Perseverance of the Saints
On Perseverance of the Saints, Lemke writes:
“All Southern Baptist confessions affirm the security of the believer–once someone is genuinely saved by God, they are saved for all eternity. some Augustinians and Calvinists do seem to open the door for perseverance to be by works after justification has come by grace through faith.”
When Baptists call themselves “one-point Calvinists,” this is usually the point they affirm. Lemke asserts that “all Southern Baptists . . . affirm perseverance of the saints.” Yet, non-Calvinists who believe in “eternal security” and Calvinists who “believe in the perseverance of the saints” don’t necessary believe the same thing. For instance, Charles Stanley, one of the keynote speakers at the John 3:16 conference holds to a “once saved, always saved” view of eternal security which does not require perseverance in the faith. In fact, it can be argued that Stanley teaches that a person can be saved in spite of their lifelong disobedience, (which would be antinomianism) having previously professed Christ at one point in their life, they are safe.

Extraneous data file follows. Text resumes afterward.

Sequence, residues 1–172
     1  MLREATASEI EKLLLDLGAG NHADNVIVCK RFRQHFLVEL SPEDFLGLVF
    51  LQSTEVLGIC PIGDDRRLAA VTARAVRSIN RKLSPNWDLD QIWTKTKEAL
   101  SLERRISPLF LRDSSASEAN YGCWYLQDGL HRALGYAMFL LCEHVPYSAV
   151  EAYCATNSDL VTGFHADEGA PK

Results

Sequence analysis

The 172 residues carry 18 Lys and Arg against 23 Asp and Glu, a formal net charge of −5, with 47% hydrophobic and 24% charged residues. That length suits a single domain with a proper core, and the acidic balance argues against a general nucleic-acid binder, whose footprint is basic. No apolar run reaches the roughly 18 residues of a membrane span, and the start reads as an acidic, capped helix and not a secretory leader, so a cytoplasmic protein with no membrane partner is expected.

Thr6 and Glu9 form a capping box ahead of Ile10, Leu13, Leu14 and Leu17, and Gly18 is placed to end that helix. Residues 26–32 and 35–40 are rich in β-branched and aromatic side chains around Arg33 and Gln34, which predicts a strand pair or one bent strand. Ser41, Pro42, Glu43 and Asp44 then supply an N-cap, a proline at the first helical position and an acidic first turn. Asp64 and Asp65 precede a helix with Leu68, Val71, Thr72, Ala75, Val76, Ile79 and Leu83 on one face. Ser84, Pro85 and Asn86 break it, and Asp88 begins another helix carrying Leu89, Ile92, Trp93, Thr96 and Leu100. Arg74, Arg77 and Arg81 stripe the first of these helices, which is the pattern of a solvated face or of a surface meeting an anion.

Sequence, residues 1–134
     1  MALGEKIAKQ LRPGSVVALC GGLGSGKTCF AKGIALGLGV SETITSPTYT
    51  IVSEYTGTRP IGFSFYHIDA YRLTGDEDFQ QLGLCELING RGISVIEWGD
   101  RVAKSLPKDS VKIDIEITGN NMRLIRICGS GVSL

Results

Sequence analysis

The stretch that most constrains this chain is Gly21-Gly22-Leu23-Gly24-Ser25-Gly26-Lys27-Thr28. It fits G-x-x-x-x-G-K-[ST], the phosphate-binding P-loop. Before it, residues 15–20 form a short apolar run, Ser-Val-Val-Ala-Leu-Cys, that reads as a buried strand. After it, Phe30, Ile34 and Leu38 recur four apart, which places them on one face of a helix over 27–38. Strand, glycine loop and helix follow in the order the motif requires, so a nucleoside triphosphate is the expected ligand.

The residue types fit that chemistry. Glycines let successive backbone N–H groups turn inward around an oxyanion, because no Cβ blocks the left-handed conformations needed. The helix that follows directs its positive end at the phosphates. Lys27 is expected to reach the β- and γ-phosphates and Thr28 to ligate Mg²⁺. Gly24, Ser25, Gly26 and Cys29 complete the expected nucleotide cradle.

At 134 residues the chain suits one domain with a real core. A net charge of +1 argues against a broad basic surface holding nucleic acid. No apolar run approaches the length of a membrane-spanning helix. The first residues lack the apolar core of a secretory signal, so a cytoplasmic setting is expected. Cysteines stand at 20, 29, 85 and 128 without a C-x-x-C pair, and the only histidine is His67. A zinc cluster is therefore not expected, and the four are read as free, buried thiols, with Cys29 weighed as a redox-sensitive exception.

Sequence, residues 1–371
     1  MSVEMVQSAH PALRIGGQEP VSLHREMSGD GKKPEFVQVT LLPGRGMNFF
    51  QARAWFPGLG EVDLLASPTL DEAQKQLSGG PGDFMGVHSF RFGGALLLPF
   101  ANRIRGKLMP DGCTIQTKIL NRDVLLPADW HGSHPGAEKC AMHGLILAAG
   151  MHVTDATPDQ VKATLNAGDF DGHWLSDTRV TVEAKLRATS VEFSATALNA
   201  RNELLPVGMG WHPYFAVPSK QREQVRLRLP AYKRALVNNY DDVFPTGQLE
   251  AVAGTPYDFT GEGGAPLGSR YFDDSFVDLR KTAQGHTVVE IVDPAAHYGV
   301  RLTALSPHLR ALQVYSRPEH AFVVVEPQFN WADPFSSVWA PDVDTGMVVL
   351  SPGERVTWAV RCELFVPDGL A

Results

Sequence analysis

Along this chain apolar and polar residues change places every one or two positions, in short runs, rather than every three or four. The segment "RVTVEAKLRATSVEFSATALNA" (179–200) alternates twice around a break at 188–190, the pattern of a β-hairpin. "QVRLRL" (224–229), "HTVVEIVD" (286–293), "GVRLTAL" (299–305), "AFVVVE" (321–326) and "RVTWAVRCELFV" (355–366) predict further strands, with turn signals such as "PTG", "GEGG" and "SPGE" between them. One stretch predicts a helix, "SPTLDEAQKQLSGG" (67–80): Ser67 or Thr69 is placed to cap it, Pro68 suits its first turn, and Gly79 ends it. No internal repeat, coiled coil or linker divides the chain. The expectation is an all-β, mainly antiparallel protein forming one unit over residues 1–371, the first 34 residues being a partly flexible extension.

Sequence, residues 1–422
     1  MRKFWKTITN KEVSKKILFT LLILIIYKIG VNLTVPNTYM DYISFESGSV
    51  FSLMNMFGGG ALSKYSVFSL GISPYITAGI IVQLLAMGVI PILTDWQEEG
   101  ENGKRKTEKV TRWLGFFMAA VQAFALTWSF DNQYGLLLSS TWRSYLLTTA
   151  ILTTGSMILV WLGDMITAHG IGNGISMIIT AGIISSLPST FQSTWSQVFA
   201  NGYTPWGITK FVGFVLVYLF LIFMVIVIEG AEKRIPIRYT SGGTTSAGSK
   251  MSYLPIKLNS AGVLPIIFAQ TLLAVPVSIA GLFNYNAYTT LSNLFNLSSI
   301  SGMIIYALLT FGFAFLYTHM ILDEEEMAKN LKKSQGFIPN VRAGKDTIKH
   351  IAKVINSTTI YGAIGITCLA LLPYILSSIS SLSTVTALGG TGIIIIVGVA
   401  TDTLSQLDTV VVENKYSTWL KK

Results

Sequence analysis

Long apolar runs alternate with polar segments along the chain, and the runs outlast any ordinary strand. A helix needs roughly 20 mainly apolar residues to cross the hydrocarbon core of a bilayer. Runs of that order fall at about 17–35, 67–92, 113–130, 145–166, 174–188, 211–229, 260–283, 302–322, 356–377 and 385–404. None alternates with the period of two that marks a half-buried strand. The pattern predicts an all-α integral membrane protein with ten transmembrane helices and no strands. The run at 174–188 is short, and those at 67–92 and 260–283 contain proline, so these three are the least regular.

Lemke seems to argue that Calvinists “open the door for perseverance to be by works.” No. Perseverance is the outworking of the gospel-believing sinner whose God is at work both to will and to do according to His own good pleasure. Calvinists believe that one cannot be eternally secure apart from experiencing the ongoing Trinitarian work of salvation (we have been saved, we are being saved, and we will be saved). Is it not interesting that non-Calvinists place such an emphasis on human responsibility and the will in conversion but minimize it in sanctification? How can you biblically argue that your will is of greater use prior to conversion than after having been regenerated by the Holy Spirit?